Acute Scrotum

Pediatric Surgery, AlSadik Hospital, Qatif, Saudi Arabia


29.1 Introduction

  • The term acute scrotum refers to acute scrotal pain with or without swelling and erythema.

  • Acute scrotum is considered a surgical emergency and although there are several causes for acute scrotum, prompt differentiation between testicular torsion and other causes of acute scrotum is critical.

  • The possibility of testicular torsion and permanent ischemic damage to the testis must always be kept in mind if the diagnosis is delayed.

  • There are several causes of acute scrotum and the etiology is age dependent.

  • Testicular torsion is commonly seen in neonates and adolescents.

  • Torsion of the appendix testis and acute epididymo-orchitis on the other hand are seen most commonly in prepubertal boys.

  • The differential diagnosis of acute scrotum include:

    • Testicular torsion (16 %)

    • Torsion of a testicular appendage (46 %)

    • Acute epididymo-orcitis (35 %)

    • Idiopathic scrotal edema

    • Schönlein-Henoch purpura

    • Incarcerated inguinal hernia

    • Scrotal trauma

    • Splenogonadal fusion

Common Causes of Acute Scrotum

  1. 1.

    Testicular torsion (16 %)


  2. 2.

    Torsion of a testicular appendage (46 %)


  3. 3.

    Acute epididymo-orchitis (35 %)


  4. 4.

    Idiopathic scrotal edema


  5. 5.

    Schonlein-henoch purpura


  6. 6.

    Incarcerated inguinal hernia


  7. 7.

    Scrotal and testicular trauma


  • The child with acute scrotum should be evaluated rapidly both clinically and if required radiologically and the possibility of torsion of testis must always be kept in mind.

  • This is important because salvaging a testis in a child with testicular torsion is time dependent.

  • In doubtful cases, it is important to do an emergency testicular exploration rather than wait and loss the testis.

29.2 Torsion of Testes

29.2.1 Introduction

  • Testicular torsion is the most surgical emergency of acute scrotum as delay in diagnosis is known to be associated with testicular ischemia and infarction.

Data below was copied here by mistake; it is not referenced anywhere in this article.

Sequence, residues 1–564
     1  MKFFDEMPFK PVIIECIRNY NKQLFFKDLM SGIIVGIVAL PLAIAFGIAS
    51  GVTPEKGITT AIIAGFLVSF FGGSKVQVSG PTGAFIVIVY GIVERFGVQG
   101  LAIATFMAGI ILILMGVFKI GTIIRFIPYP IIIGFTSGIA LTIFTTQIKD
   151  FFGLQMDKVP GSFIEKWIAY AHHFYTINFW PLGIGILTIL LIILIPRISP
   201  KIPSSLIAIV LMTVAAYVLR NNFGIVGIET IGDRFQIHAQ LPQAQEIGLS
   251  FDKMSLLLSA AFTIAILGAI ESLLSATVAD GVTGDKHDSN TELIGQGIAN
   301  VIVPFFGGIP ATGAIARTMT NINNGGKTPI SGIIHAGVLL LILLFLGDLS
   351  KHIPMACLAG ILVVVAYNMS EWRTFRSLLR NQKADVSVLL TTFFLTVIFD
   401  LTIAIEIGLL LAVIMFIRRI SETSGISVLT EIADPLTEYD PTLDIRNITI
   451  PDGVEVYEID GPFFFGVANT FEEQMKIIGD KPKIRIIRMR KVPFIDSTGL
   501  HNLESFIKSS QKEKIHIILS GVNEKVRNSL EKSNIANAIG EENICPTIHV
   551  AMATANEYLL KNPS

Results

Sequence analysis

• It results from twisting of the spermatic cord leading to venous and arterial obstruction and loss of the blood supply to the affected testis.

  • Early diagnosis and treatment are vital to saving the testis and preserving future fertility.

  • Testicular torsion is primarily a disease of adolescents and neonates.

  • Neonates develop a special type of testicular torsion which is called intrauterine testicular torsion.

  • This is different from the more common torsion seen in adolescent.

    • This type of torsion occurs extravaginally while the adolescent torsion occurs intravaginally.

    • This type of torsion commonly occurs in utero but there are reported cases occurring shortly after birth.

    • Intrauterine torsion is known to be associated with a high incidence of testicular infarction as in the majority of reported cases, the testis is already necrotic at the time of exploration

    • There are however rare reports of testicular salvage in some of these patients.

  • Diagnosis of testicular torsion is clinical, and diagnostic testing should not delay treatment.

  • Approximately 32 % of pediatric torsion cases resulted in the orchiectomy.

29.2.2 Classification

Testicular torsion is divided into two types (Fig. 29.1):


Fig. 29.1
Diagrammatic representation of the two types of testicular torsion

  1. 1.

    Intravaginal torsion:

    • Intravaginal torsion most commonly occurs in adolescents.

    • Intravaginal torsion constitutes approximately 16 % of cases in patients presenting to an emergency department with acute scrotum.

    • This form of testicular torsion is most commonly seen in males younger than 30 years.

    • The peak incidence occurs at age 12–18 years.

    • The left testis is more frequently involved.

    • Bilateral torsion account for 2 % of all torsions.


  2. 2.

    Extravaginal torsion (Figs. 29.2 and 29.3):


    Figs. 29.2 and 29.3
    Intraoperative photographs of two newborns with extravaginal testicular torsion

    • Extravaginal torsion occurs most commonly in neonates.

    • It accounts for approximately 5 % of all torsions.

    • The timing of occurrence of extravaginal torsion is not known exactly and it is estimated that about 70 % of the cases occur prenatally and 30 % occur postnatally.

    • Extravaginal torsion is also known to occur in patients with high birth weight.

    • Extravaginal torsion occurs most commonly on one side and bilateral perinatal torsion is extremely rare, but an increase in the number of case reports with bilateral intrauterine torsion has been observed.

    • The occurrence of bilateral torsion can be:

      • Synchronous (occurring simultaneously)

      • Metachronous (occurring at different times).

      • This is one reasons why contralateral orchidopexy is important in those with unilateral intrauterine torsion.


29.2.3 Etiology

  1. 1.

    Intravaginal torsion:

    • The exact etiology of intravaginal torsion is not known.

    • Normally, once the testes reaches the scrotum it is fixed in place by mature attachments. This ensures firm fixation of the epididymal-testicular complex posteriorly and effectively prevents twisting of the spermatic cord.